Spanish surgeons perform the world’s first double leg transplant…
Spanish surgeons at the Le Fe Hospital, Valencia, have successfully performed the world’s first double leg transplant. Should the patient’s body accept the donor legs, doctors hope the man could be walking again within 6 months.
The 14 hour operation was lead by Pedro Cavadas, the surgeon who performed Spain’s first face transplant and several arm transplants.
The patient, who lost is legs in a traffic accident and faced life in a wheelchair because prosthetic limbs proved unsuitable, is already out of intensive care and was said to have cried tears of joy when he awoke.
The man and his donor remain unmanned.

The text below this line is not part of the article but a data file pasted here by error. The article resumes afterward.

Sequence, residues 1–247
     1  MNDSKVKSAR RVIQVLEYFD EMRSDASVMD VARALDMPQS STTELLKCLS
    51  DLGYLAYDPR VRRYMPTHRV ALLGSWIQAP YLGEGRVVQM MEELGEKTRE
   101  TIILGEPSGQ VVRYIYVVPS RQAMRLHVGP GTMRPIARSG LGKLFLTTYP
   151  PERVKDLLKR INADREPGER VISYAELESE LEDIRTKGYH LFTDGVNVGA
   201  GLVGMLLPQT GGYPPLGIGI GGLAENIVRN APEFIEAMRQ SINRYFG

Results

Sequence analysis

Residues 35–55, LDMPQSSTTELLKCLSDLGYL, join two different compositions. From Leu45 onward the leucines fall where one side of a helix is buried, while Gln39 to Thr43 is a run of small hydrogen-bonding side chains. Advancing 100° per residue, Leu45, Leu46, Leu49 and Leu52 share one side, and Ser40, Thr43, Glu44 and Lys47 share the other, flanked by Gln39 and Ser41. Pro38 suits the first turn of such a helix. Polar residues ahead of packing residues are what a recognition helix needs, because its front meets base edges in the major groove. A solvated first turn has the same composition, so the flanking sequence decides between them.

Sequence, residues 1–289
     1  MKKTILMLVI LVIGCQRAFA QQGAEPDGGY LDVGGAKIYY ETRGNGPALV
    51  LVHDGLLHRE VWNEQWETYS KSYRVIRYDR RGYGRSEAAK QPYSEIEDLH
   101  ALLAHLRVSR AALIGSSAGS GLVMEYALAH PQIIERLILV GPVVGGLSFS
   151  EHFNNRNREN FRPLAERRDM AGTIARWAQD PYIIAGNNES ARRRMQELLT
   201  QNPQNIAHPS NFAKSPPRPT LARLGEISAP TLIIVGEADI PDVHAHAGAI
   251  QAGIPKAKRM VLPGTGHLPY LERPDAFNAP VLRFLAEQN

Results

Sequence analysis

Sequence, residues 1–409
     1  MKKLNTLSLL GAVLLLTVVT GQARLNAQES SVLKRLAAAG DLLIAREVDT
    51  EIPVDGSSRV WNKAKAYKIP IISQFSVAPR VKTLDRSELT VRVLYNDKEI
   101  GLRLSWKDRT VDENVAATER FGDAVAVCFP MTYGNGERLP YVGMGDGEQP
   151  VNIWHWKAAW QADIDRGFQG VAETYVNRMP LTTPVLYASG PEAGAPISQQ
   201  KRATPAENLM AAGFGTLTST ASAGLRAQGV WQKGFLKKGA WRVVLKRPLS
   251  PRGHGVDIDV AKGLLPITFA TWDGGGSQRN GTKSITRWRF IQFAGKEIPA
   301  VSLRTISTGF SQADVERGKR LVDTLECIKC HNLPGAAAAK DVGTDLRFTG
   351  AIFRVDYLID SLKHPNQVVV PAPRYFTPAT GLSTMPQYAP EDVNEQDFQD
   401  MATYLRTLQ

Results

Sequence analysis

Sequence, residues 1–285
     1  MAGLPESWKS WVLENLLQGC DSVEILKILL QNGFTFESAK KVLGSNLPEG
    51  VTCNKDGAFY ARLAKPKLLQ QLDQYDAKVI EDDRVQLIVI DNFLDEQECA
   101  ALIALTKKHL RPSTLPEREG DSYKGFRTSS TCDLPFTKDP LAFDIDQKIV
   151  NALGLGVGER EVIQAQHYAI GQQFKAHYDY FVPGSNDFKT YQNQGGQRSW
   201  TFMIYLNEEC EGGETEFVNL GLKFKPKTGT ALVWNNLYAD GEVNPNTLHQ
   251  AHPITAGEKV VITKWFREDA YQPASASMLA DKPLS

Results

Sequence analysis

Doctors are now waiting to see if the nerves in his legs will grow, and estimate that if the legs are not rejected, the patient should be able to move his knees within one month, stand unaided in swimming poll within two, and hopefully walk again within six.
However, even if nerves begin to grow, there is a long road ahead. Undergoing transplants of such a nature can have a great impact on the patient psychologically.
The first person to receive a new hand in 1998, New Zealander Clint Hallam, opted to have it removed three years later saying it was unsightly and he felt mentally detached from it.
There’s also concern as to whether the new legs will even be able to support his bodyweight.
Nadey Hakim, who performed the world’s first hand and double hand transplants explained that transplanted arms only regain about 50 percent of their original function and strength.